Unfortunately, none of the documents on missing crews which are in our possession, i.e. Missing Air Crew Reports, contained the engine number SW-018882. At this stage, Paul Andrews came to our rescue. He is a respected American researcher and author of some fundamental books about the 8th Air Force. He painstakingly searched through numerous reports on missing crews and eventually found the relevant one which described the fate of a Flying Fortress of the 91st Bomb Group, serial number 44-6117, that did not return from a mission to Berlin on June 21, 1944. Its crew consisted of:

  • 2nd Lt. Robert E. O'Bannon - Pilot,
  • 2nd Lt. Thomas J. Fitzgerald - Copilot,
  • 2nd Lt. Nathan L. Bartman - Navigator,
  • 2nd Lt. Arnold J. Ostwald - Bombardier,
  • S/Sgt Irvin E. Lewis - Top Turret Gunner,
  • Sgt Benjamin Goldman - Radio Operator,
  • S/Sgt Herbert S. McCutchan - Ball Turret Gunner,
  • Sgt Jose Fioretti - Waist Gunner,
  • Sgt Amos F. Estrada - Tail Gunner.

Drawing of the engine data plate bearing the s/n SW-018882.
(J. Janczukowicz via P. Kałuża)

On that day, the 91st Bomb Group was attacked while approaching the target area by over 50 twin-engine Luftwaffe fighters. Aircraft s/n 44-6117 was hit by 20mm cannon shells in the trailing edge of the left wing behind no.2 engine and also in the left horizontal stabilizer. The wing caught fire, the crew salvoed the bombs and their plane peeled off from formation.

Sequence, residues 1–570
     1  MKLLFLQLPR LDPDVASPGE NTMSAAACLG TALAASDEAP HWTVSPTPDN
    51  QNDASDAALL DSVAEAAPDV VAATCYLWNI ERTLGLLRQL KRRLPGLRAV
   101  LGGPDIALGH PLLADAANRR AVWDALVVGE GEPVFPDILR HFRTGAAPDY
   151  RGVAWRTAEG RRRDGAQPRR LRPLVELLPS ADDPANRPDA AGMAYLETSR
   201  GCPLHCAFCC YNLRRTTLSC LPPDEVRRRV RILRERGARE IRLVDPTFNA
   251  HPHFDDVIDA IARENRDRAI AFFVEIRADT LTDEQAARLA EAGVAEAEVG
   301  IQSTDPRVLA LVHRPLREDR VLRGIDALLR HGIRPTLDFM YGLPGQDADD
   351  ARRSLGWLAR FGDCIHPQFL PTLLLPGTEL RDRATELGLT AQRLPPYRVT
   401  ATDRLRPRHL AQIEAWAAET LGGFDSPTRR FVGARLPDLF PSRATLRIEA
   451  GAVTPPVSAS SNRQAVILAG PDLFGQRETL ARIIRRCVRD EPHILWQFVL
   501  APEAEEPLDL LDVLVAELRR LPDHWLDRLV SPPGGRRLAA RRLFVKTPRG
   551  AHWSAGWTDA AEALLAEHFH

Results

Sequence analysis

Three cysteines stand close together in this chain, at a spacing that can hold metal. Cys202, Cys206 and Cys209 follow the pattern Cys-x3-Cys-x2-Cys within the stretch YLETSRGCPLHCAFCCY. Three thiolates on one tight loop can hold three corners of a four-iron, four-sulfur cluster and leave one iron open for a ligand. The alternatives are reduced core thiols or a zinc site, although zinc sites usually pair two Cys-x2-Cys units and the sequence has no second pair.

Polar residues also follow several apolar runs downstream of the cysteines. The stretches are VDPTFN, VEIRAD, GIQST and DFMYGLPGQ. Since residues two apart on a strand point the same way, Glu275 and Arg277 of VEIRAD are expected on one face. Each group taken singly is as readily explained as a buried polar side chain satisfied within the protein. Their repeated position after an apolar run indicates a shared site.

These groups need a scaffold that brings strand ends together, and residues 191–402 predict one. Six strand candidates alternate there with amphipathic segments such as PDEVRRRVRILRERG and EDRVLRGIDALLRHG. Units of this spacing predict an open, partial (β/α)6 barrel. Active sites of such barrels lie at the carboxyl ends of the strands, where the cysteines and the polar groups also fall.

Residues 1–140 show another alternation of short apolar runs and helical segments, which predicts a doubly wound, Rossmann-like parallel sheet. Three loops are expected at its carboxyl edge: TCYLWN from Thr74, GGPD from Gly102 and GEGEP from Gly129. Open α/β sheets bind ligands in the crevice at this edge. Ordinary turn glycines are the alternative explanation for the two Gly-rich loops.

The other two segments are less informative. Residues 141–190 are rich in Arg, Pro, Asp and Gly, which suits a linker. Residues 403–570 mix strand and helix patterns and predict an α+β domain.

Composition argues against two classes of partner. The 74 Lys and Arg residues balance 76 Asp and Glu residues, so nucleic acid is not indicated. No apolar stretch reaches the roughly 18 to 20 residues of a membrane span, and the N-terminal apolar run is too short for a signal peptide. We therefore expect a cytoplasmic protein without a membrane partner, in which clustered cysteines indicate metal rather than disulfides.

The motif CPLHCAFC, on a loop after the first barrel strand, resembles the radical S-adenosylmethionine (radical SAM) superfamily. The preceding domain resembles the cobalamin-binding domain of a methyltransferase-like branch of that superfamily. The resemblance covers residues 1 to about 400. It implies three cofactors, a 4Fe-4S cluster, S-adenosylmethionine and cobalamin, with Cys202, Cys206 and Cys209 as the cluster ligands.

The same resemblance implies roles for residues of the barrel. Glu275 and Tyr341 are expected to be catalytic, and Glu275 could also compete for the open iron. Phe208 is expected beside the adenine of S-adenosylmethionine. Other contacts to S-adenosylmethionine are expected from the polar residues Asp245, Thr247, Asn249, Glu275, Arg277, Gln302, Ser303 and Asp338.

B-17G-40-DL s/n 44-6117 left the Douglas plant only a few weeks earlier, at the beginning of May 1944, and did not carry any defensive camouflage. The aircraft reached 91st Bomb Group at the end of May. According to Ray Bowden, a respected British researcher and author of books on the 91st Bomb Group and missions to Berlin, the Fortress flew only four sorties before June 21. The first one was on June 15 to Bordeaux-Merignac, three days later - to Hamburg; on June 19 again to Bordeaux-Merignac, and the next day once again to Hamburg.

Paul Andrews believes that it was damaged during one of these sorties to such extent that it needed the replacement of the left wing tip. The replacement part was probably borrowed from an older Fortress, painted in Olive Drab and Neutral Gray. That explains the presence of remains of camouflage paint on the wing part displayed in the Polish Armed Forces Museum in Warsaw. All members of Robert O'Bannon's crew bailed out about 10.08 hours while their aircraft fell into the Stolsko Lake, 22 kilometers to the North-West of Szczecin. Unfortunately, the tail gunner did not survive the jump. Reportedly he was shot in the air by a Luftwaffe fighter. The rest of Americans became prisoners of war.

The Germans decided to leave the wreckage in the Stolsko Lake and therefore Jerzy Janczukowicz's group is able to recover it systematically year by year.